You have to believe that both Leno & Conan have a bad taste in their mouth trusting NBC.  In the long run, I wouldn’t be surprised if the person they decide to keep ends up leaving due to mistrust.

I’ll keep you updated with any new developments in this horrible, crazy situation.

Regardless, the only way NBC could have avoided this was to (YEARS ago) just pick which one to keep on the network.  It’s beyond wanting your cake and eating it too; it’s wanting your cake, but not wanting to share the delicious cake with anyone else.  You’ll end up eating it all yourself, and puking over all of the birthday party guests.  No one wins.


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  2. Nice stuff! I’ve been far too busy to follow along with all of this. I kept seeing Conan pop up on CNN and the like at work, but was moving too fast to read the closed captioning. So, thanks 🙂 It’s a lot of information, but I now feel I’ve got it all under wraps in the ol’ noggin. Definitely keep us posted!

  3. Interesting analysis. I have to admit though that despite not being a huge Conan fan (his humor is not exactly my taste), Leno has left a bad taste in my mouth overall. I really feel he’s been phoning in his work for years and I was glad to see him go. And now that Zucker is threatening to put Conan into a career deep freeze for the next 3.5 years, I think Coco has been given an especially raw deal in all of this. All in all, there is a lot of mud on NBC’s face and they should feel embarrassed for how they’ve handled it, from the strong arming of affiliates to the bait and switch with their late night hosts. I think Americans are sick of the antics of the Big Three Networks, and you can tell this not only by the fact that they are flocking to shows on cable, but also by the howls of glee I am hearing every night now as Conan skewers the NBC execs in his monologue.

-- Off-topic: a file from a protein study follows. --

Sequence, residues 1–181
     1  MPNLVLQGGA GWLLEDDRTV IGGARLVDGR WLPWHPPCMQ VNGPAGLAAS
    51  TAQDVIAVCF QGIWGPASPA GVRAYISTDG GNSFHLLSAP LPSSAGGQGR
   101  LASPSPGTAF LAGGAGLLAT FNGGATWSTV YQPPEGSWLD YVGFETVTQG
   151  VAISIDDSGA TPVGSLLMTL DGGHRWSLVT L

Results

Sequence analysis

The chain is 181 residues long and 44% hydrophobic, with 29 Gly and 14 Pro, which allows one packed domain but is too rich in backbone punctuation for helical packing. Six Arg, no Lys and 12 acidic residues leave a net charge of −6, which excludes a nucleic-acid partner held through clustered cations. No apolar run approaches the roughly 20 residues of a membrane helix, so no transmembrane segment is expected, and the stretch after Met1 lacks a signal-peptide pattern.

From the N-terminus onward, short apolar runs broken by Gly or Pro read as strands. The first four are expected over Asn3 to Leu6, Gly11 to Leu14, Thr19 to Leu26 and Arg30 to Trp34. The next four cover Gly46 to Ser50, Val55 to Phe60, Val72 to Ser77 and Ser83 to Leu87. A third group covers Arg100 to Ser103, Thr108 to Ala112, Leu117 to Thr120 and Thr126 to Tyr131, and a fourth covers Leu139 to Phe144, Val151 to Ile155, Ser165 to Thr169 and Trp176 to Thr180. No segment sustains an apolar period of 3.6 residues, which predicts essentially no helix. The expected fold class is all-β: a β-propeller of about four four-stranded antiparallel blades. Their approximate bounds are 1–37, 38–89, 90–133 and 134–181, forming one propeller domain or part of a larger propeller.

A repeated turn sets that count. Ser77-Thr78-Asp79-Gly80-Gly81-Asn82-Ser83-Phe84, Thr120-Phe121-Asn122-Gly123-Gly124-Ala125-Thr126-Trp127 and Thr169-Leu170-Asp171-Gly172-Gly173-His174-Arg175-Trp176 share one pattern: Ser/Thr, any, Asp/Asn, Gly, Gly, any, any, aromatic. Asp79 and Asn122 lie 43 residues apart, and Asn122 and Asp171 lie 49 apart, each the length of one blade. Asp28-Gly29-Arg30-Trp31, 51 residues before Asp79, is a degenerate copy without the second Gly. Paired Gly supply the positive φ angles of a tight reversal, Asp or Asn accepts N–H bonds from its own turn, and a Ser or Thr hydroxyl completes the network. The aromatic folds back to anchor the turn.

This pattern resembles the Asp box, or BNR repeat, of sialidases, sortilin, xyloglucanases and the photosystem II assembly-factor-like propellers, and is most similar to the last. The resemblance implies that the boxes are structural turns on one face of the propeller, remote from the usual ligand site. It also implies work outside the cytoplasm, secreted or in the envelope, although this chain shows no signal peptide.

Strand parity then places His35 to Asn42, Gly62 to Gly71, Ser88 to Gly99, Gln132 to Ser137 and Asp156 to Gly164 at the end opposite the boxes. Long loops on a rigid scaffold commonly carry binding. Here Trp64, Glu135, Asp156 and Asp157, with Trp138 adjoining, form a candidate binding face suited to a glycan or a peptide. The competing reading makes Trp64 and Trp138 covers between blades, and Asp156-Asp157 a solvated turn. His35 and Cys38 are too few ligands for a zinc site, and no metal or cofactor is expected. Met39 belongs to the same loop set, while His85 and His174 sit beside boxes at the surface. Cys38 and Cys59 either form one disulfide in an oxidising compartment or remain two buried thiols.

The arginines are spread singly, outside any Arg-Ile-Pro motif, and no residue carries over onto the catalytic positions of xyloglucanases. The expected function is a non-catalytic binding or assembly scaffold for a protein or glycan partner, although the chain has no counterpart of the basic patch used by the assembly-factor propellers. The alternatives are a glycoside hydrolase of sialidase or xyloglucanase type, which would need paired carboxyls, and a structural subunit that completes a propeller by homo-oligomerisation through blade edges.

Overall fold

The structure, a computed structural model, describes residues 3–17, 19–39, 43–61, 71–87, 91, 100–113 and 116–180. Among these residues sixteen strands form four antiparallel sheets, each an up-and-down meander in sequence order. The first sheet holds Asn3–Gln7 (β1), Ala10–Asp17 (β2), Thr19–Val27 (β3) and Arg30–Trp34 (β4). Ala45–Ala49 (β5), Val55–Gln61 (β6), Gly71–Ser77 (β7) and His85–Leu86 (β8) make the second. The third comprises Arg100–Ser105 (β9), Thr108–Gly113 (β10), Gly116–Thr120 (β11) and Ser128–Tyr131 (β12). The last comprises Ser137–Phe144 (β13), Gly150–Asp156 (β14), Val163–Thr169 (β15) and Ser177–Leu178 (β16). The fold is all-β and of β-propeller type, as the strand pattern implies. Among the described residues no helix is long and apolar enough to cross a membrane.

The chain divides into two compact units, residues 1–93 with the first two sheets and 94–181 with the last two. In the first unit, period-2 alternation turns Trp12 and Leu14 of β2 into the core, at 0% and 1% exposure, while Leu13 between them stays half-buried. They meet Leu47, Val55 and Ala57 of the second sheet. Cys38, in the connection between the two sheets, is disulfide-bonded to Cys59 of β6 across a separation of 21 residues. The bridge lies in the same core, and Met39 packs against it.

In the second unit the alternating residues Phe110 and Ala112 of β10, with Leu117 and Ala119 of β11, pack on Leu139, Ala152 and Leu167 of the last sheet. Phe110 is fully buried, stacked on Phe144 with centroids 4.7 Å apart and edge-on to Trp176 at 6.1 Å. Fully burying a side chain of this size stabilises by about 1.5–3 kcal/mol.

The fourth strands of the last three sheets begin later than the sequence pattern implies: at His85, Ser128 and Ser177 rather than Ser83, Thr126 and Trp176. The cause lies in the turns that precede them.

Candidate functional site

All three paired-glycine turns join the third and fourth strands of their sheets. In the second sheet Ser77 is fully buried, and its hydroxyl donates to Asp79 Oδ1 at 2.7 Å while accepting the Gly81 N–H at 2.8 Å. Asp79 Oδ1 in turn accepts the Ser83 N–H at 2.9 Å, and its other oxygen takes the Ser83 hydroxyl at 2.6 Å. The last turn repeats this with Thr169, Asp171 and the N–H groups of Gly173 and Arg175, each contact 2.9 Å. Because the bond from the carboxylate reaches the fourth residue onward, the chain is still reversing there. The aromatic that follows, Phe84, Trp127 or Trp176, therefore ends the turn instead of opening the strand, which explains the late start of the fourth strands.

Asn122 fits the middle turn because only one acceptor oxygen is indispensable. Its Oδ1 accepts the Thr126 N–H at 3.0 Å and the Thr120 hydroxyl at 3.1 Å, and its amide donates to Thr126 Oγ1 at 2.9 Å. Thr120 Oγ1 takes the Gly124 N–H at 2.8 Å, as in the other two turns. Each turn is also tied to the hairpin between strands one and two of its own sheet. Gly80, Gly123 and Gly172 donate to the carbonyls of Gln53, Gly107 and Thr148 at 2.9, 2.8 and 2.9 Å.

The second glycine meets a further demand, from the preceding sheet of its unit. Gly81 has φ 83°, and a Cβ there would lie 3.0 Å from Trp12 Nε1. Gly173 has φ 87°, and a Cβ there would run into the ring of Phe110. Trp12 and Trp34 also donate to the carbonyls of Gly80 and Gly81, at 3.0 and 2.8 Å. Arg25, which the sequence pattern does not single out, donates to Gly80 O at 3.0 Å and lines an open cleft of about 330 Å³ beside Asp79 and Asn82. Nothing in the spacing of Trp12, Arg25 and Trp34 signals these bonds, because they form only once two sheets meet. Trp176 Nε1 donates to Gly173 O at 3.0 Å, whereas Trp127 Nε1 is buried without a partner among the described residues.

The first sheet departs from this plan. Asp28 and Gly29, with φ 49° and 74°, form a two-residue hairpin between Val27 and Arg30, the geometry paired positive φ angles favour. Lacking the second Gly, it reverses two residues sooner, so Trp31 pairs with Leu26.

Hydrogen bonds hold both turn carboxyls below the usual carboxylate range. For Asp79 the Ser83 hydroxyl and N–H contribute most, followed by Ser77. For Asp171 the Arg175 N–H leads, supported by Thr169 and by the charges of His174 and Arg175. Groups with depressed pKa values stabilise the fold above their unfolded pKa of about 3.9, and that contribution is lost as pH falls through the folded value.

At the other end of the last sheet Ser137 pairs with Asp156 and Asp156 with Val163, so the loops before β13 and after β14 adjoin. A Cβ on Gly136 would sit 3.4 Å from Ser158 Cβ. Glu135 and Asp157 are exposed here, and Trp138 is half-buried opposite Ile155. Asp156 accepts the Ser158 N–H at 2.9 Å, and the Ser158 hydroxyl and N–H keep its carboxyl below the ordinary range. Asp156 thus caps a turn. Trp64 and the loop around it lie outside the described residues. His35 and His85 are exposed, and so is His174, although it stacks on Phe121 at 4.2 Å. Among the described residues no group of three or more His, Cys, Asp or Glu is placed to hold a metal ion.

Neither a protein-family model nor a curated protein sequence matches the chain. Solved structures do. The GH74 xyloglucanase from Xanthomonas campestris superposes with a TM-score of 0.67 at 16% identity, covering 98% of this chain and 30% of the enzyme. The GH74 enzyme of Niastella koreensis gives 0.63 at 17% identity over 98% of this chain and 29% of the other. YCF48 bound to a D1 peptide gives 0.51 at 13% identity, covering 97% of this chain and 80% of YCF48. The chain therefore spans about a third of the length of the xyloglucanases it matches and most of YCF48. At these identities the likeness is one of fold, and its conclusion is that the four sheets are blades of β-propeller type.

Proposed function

4. Nicely explained, although you may have to update the Conan-doesn’t-hate-Jay section. Leno’s always been more popular with viewers than with critics and peers.

    It’s all relative. Leno had more viewers in prime time than Jon Stewart, but you’re right, affiliates suddenly matter when you need everyone on board for a merger that’ll eventually probably end up marginalizing those same affiliates anyway. NBC/Universal execs may actually be starting to think long term:)

  5. […] Also, we discussed the facts of the 2010 Late Night Wars here and here […]